Family counts down to ‘Aimee Day’ for woman fighting flesh-eating bacteria

Posted at 8:45 AM, May 14, 2012
and last updated 2012-05-14 08:45:50-04


  • Aimee Copeland, 24, was infected with Aeromonas hydrophila on May 1
  • She’s since lost a leg and part of her abdomen and may lose her fingers
  • Her father says he was told she may not survive, but she has improved
  • He’s awaiting “Aimee Day,” when she’ll be able to speak and breathe again

By Greg Botelho

ATLANTA (CNN) — “Aimee Day” can’t come soon enough.

That is the holiday — date still to be determined — Andy Copeland hopes for as his daughter Aimee fights off a virulent flesh-eating bacteria that turned her life upside down in less than two weeks.

Her fight won’t be over on Aimee Day. She will likely need dialysis for some time to help her kidneys function, and rehab to adjust to life without her left leg, part of her abdomen and perhaps other body parts that surgeons may still remove because of her disease.

Still, on that day, the 24-year-old University of West Georgia graduate student should be able to breathe on her own, after medical staff remove a tube now stuck down her throat that is being used to regulate her oxygen level. And her parents and her sister should, again, hear her voice.

“We’re going to celebrate that day forever for the rest of your life,” Andy Copeland told his daughter as she lay heavily medicated in an Augusta, Georgia, hospital bed. “It’s the day that my daughter was delivered from this horrible, horrible disease.”

Speaking Sunday on CNN, Andy Copeland didn’t go into detail about the latest on his daughter’s condition as she fights for her life beyond saying “we’re holding up very well here.”

Yet, as he’s done in regular Facebook posts chronicling the ordeal, Andy Copeland was positive about the future.

“I have every confidence that Aimee will be able to overcome this,” he said.

Just last month, she had a full and active life. Aimee was pursuing her master’s degree in psychology, with a focus on eco-psychology — the idea that harmonizing with nature can be a powerful tool in ensuring one’s psychological health and vitality.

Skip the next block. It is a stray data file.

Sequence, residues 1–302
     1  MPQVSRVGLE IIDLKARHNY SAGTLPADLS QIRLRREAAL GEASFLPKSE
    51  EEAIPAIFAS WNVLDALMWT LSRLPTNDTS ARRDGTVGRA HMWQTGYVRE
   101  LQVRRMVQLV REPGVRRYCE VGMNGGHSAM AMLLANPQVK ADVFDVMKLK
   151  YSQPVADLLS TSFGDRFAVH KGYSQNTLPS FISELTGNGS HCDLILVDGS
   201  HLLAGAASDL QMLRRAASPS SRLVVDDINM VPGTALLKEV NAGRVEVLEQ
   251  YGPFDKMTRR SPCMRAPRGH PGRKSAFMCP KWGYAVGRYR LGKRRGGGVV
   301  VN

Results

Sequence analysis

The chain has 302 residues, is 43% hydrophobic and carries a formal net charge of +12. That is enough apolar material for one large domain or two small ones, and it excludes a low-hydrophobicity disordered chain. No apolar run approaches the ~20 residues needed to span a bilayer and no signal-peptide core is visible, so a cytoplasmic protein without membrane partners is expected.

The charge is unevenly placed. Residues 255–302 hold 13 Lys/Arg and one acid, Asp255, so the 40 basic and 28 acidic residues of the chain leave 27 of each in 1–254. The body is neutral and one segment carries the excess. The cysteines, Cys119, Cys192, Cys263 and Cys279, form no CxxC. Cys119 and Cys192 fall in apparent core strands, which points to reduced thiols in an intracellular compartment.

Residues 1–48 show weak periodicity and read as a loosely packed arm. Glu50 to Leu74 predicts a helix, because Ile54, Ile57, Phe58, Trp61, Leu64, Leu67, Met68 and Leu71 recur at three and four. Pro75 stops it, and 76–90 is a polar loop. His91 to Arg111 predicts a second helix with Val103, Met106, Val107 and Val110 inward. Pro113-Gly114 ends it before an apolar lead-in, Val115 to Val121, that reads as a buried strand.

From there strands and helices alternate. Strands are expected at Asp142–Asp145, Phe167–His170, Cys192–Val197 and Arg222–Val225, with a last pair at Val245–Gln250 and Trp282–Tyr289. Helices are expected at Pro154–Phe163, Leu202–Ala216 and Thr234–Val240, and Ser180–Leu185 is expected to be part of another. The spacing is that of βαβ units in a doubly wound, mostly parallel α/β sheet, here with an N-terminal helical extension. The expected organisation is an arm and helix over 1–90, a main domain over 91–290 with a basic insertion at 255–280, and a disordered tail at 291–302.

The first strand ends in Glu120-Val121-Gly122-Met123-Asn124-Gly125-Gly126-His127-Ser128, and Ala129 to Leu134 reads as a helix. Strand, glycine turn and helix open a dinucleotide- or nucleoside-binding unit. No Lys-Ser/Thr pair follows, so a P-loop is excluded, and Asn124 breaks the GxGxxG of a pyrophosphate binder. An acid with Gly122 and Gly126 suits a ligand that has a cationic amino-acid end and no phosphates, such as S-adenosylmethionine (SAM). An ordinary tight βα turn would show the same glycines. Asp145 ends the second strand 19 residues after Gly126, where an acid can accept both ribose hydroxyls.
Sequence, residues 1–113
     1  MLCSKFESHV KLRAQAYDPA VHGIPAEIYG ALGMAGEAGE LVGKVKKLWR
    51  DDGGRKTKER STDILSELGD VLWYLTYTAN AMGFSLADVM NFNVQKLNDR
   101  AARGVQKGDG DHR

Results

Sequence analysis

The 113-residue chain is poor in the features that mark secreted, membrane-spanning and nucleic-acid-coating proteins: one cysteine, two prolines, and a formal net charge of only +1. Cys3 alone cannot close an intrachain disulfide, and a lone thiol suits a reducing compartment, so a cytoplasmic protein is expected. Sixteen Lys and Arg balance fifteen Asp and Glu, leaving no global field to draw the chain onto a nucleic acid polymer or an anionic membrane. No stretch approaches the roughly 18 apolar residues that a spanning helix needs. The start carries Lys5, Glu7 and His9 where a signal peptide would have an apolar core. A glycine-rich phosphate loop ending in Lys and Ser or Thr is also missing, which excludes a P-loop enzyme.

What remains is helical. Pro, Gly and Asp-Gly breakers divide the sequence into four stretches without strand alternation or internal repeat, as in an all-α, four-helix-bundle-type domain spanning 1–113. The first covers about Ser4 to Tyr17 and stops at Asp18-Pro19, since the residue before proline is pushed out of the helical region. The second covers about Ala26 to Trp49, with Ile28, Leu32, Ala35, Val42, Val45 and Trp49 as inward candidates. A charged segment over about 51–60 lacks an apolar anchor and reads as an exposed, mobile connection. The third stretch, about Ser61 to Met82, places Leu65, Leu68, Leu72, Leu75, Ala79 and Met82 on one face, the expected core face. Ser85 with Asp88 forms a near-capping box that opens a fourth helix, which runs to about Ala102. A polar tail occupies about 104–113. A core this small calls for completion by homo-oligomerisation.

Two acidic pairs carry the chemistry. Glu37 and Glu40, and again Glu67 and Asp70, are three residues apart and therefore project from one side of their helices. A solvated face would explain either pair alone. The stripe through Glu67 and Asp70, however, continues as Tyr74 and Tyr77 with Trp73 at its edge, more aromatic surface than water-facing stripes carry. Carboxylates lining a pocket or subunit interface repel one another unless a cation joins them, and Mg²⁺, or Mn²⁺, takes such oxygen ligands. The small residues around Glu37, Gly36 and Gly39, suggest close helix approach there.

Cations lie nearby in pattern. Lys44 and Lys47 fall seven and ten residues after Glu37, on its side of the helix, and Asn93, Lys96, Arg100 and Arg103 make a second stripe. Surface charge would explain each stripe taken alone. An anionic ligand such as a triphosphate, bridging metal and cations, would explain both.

On May 1, she and some friends were out near the Little Tallapoosa River, about 50 miles west of Atlanta, when she grabbed onto a homemade zip line, her family has said.

It snapped.

That led to a gash in her left calf, and ultimately it took 22 staples to close the wound, according to CNN affiliate WSB.

Athough she didn’t know it at the time, it was because of that cut that Aimee Copeland contracted the flesh-devouring bacteria, Aeromonas hydrophila.

Dr. Buddy Creech, an assistant professor of pediatric infectious diseases at Vanderbilt University, said that Aeromonas hydrophila — which is “remarkably common in the water and in the environment” — is one of many bacteria that can cause a flesh-eating process.

“When it gets into those deeper tissues, it has a remarkable ability to destroy the tissues that surround it in sort of this hunt for nutrition,” Creech said. “When it does that, those tissues die, and you see the inflammation and the swelling and the destruction that can be very difficult to control.”

Most humans are affected by this bacteria by swallowing it, resulting in diarrhea. Aimee Copeland’s case was much more uncommon, in that her wound got “infected and the infection (ran) wild,” explained Creech.

The pain continued for Aimee after her accident and, on May 4, a friend took her to an emergency room where she was diagnosed with necrotizing fasciitis and flown to Augusta for surgery.

She went into cardiac arrest after being removed from the operating table, but was resuscitated, CNN affiliate WGCL reported.

It was then, Andy Copeland recalled on his Facebook page, that he was “told that Aimee might not survive the night.”

She did survive, though surgeries cost her the leg and part of her abdomen. A post Saturday on a blog set up by the University of West Georgia psychology department said more operations are coming: “Aimee will suffer the loss of her fingers, however physicians have hope of bringing life back to the palms of her hands, which could allow her the muscle control to use helpful prosthetics.”

At one point her lungs “required 100% pure oxygen to be fed to her through a respirator,” as the bacteria ravaged her body, her father wrote. By Sunday, she had improved significantly to 33% — just 12 percentage points shy of 21%, the level of oxygen in air around us.

If and when it gets to that point, she can be taken off the respirator. And her family can mark that moment, Aimee Day, on their collective calendar to celebrate this year and every year after.

For now, Andy Copeland is busy standing by, conversing with medical staff and expressing appreciation for his “amazingly resilient” daughter, as well as for the medical staff, friends and complete strangers who have shown their support.

And the entire family is staying hopeful, fueled in part by the remarkable progress they’ve seen so far.

“The words I hear from the medical professionals to describe Aimee’s continued recovery are ‘astonishing,’ ‘incredible,’ ‘confounding,’ ‘mind-boggling’ and ‘unbelievable,'” Andy Copeland wrote Saturday on Facebook.

“All those are fitting words. My favorite word is ‘miracle.'”